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JAMA Dermatology Clinicopathological Challenge
April 2017

Swollen Hand Joints With Asymptomatic Nodules on the Skin

Author Affiliations
  • 1Department of Dermatology, Peking University First Hospital, Beijing, China
JAMA Dermatol. 2017;153(4):313-314. doi:10.1001/jamadermatol.2016.4261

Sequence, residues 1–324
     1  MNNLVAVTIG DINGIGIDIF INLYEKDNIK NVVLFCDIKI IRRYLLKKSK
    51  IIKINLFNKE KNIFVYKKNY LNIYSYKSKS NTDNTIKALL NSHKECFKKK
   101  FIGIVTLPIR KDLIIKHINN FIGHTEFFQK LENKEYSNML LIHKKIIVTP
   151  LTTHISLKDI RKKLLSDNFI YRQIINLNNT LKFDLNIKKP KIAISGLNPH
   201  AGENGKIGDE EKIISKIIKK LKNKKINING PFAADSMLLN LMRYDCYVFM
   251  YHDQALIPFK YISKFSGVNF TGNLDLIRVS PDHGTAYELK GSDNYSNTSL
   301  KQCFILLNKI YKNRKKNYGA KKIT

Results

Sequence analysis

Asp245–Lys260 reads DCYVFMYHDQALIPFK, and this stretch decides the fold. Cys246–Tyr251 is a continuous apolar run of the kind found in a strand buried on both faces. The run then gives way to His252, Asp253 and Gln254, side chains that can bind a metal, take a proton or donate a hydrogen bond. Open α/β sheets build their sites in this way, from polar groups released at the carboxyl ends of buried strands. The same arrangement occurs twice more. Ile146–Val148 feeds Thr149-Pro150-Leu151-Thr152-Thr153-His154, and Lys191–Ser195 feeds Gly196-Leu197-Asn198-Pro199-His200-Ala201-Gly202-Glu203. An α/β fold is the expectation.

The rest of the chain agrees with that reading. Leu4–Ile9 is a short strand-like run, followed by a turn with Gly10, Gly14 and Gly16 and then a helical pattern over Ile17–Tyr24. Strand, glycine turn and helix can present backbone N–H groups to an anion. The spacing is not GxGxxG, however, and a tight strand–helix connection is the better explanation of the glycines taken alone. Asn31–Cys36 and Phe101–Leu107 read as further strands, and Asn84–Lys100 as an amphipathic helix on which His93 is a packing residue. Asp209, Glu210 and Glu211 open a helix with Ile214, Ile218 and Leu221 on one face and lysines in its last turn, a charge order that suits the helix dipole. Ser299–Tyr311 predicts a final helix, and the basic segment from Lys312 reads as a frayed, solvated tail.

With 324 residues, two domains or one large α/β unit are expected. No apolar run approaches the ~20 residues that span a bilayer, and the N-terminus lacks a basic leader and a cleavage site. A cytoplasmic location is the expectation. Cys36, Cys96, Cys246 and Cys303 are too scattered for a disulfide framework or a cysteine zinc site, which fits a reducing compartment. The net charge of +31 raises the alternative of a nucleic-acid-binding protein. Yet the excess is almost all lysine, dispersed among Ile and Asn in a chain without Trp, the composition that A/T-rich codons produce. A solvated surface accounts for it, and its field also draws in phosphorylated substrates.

A man in his 40s presented with gradual hair loss of the eyelashes, eyebrows, beard, and scalp for 4 years, swelling and painful hand joints for 13 months, and multiple asymptomatic nodules on the upper arms for 40 days. The patient exhibited no associated fever, analgesia or hypesthesia. He reported no previous infections or family or personal medical history of autoimmune diseases or psoriasis. He was previously treated for rheumatoid arthritis, but various arthritis treatments showed no improvements over 1 year. A physical examination showed diffuse infiltration of the face with loss of skin creases and diminished facial hair; all joints of both hands were swollen (Figure, A); multiple asymptomatic nodules without ulceration were present on his upper arms (Figure, B); decreased sensation to pain, temperature and/or touch and neuropathic changes were not found. Laboratory test results showed a slightly elevated erythrocyte sedimentation rate (27 mm/h) and significantly elevated rheumatoid factor (70.1 IU/mL). Additional immunology indicators, including C-reactive protein, anticyclic citrullinated peptide, antinuclear antibodies, and globulin levels were normal. X-ray and joint ultrasound results suggested osteoarthritis, synovitis, flexor tendon tenosynovitis, and bone erosions. Ultrasound results also indicated enlarged axillary, cervical, and inguinal lymph nodes and an enlarged spleen. Fundus fluorescein angiography showed uveitis.

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